Before COVID-19, Reena Ahuja* and her husband enjoyed a comfortable, upper-middle-class life in Delhi. A homemaker, Reena cared for her family, including her sons and daughters-in-law, who lived with them in their sprawling home. Like so many in India and around the world, last year Reena's husband contracted coronavirus, and died less than a week later. Instead of consoling their grieving mother, Reena's sons accused her of being responsible for their father's death, and evicted her from her own home on the pretext that she could be a carrier of the virus. This was despite the fact that Indian law recognizes a woman's right to live in the marital property, even as a widow.
Many widows lack the resources and knowledge to fight for their rights
While losing a spouse can be destabilizing, it has been dangerous for thousands of Indian women who have lost their husbands to COVID-19. Without a financial plan, Reena's husband left her vulnerable to a patriarchal society that stigmatizes widows and refuses them their rightful inheritance. Destitute and isolated, COVID widows like Reena are often subjected to horrific acts of physical and sexual violence, sometimes at the hands of their own family members. As the death toll from India's second wave unfolds, an inevitable third wave threatens to ruin the lives of more women who will suffer their own consequences, beyond the already devastating loss of their loved ones.
I have witnessed these human rights violations firsthand. Despite some protections for widows under Indian law, cultural norms still allow such discrimination and violence to occur throughout the country. The Supreme Court of India in 2017 accepted recommendations from the expert committee on widows, but many lack the resources and knowledge to fight for their rights. Impoverished widows may be forced into marriages with their late husband's male relatives, as if they were inherited property. Some lose their children without understanding how to navigate the courts to fight for custody. With more than 32 million COVID-19 cases 438,000 deaths so far in India, the tragedy for Indian women continues to grow.
For years, frontline activists have campaigned for local laws and effective implementation that prohibit such violence, but more is needed. Regardless of their place of residence, caste, ethnic group or religious community, these women and girls deserve protection from their own government, as well as international law to provide overarching accountability. Protection of widows should be part of a global treaty to stop violence against women and girls.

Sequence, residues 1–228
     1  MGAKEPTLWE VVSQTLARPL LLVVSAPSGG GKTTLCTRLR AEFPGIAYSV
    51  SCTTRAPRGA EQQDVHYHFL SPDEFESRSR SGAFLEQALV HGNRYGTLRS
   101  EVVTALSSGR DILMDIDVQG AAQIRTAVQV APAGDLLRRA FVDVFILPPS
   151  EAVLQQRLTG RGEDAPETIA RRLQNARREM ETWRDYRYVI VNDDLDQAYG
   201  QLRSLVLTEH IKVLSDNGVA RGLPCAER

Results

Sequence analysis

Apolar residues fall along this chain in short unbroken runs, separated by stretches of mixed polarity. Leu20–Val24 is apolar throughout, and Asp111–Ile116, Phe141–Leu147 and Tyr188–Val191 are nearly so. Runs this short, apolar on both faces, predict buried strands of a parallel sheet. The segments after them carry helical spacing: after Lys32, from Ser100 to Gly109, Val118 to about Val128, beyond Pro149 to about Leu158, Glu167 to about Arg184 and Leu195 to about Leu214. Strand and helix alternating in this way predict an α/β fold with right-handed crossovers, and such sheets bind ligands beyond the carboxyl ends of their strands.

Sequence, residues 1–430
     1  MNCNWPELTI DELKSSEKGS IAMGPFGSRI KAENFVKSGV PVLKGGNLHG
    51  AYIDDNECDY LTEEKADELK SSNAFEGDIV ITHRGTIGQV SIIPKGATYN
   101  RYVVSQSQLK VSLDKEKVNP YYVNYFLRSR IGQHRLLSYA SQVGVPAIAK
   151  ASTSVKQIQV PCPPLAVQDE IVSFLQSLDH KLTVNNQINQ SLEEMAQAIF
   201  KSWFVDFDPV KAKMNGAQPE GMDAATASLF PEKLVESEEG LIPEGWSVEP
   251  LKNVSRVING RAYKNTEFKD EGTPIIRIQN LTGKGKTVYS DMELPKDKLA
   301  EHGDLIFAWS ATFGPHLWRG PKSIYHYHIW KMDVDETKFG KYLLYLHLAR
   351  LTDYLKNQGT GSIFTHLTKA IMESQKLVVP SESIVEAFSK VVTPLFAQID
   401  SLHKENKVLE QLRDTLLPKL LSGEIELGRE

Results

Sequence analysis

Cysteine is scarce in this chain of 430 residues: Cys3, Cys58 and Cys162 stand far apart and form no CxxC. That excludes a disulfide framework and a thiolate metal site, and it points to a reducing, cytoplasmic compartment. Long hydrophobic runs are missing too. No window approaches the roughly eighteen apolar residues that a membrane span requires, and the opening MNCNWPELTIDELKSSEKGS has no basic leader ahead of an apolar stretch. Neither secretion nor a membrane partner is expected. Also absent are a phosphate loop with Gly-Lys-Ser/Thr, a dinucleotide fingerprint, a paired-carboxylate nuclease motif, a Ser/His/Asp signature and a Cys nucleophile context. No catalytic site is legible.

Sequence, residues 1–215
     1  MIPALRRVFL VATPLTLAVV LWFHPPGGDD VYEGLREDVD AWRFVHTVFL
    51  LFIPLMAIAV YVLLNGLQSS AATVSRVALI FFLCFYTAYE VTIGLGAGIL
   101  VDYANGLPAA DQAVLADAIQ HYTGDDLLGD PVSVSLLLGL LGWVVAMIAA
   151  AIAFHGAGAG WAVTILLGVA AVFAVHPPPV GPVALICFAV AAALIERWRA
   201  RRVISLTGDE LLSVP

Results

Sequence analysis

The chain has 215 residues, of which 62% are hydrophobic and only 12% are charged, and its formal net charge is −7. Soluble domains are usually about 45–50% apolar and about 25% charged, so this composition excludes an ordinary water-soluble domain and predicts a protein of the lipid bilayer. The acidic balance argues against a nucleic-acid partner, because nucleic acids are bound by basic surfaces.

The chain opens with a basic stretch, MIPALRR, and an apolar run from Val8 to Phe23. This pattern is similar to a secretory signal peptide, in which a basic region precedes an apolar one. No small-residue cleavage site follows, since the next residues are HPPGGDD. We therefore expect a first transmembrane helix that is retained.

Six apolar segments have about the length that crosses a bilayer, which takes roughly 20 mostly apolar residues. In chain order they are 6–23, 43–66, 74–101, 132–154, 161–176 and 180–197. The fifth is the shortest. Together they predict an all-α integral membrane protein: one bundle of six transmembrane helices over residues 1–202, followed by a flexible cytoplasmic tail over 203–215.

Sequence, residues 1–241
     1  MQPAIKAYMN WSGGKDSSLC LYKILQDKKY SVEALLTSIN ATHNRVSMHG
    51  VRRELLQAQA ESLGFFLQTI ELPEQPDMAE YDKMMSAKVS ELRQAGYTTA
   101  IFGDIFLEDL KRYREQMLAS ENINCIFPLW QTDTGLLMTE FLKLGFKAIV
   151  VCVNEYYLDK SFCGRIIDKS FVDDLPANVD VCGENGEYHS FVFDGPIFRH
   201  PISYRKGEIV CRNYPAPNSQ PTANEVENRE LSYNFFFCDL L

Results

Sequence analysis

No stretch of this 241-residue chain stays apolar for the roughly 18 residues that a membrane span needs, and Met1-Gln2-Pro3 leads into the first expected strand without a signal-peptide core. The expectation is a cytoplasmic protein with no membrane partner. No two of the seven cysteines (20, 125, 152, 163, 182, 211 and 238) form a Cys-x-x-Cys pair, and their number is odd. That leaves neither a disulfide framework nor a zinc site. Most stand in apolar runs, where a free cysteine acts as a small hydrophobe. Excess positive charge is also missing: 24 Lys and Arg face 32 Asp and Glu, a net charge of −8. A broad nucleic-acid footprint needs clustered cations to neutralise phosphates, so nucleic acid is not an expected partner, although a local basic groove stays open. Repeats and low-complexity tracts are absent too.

Supported by 1,700 women's rights advocates from 843 organizations in 128 countries, the Every Woman Treaty calls for a global standard on ending violence against women and girls, including the harmful practices imposed on widows, so they can get the resources they need to sustain their families and rebuild their lives. A treaty would uphold and facilitate implementation of widows' right of inheritance and the right to start new lives through accessible job training, business loans, and scholarships for their children's education. Funding spurred by the global agreement would create new services for survivors, ensuring access to health care, mental health counseling, and safe shelters.
According to UN Women, one in ten widows around the world lives in extreme poverty
India is not the only country where violence against widows is a problem. In neighboring Nepal, the remarriage of a widowed woman is taboo. Accordingly, these single women are left behind, cut off from family—both emotionally and financially—at the time of their husband's death. In Nigeria, until recently, newly widowed women were forced to drink the water used to bathe their deceased husband's body, and lie next to them while mourning. While these practices have stopped, thanks to state and national laws, cultural practices like disinheritance remain.
According to UN Women, one in ten widows around the world lives in extreme poverty. Societal discrimination and exploitation relegate these vulnerable women and girls to a life of economic insecurity. Behavioral codes in some cultures restrict a widow's mobility, barring her from access to job training or the ability to find work. Children of widows, and child widows of forced marriages, are withdrawn from school, leaving them at risk of abuse and feeding the intergenerational cycle of poverty and sexual violence.
Research shows that global treaties change cultural norms. By legally binding its signatories, this powerful tool would hold nations accountable. A comprehensive, international agreement would bolster local and national policies and resources to end this violence and restore the right to a dignified life for widows across the globe. Critical funding, training and accountability measures for police, medical professionals, and judges would create a meaningful pathway for justice. Violence prevention education for men and boys would help put an end to the cycle of violence.
Once the global community defeats COVID-19 and the world has moved on, we must not forget those left in its wake. We owe it to our mothers and daughters to put an end to the violence against widows.
*Name is changed for privacy and safety.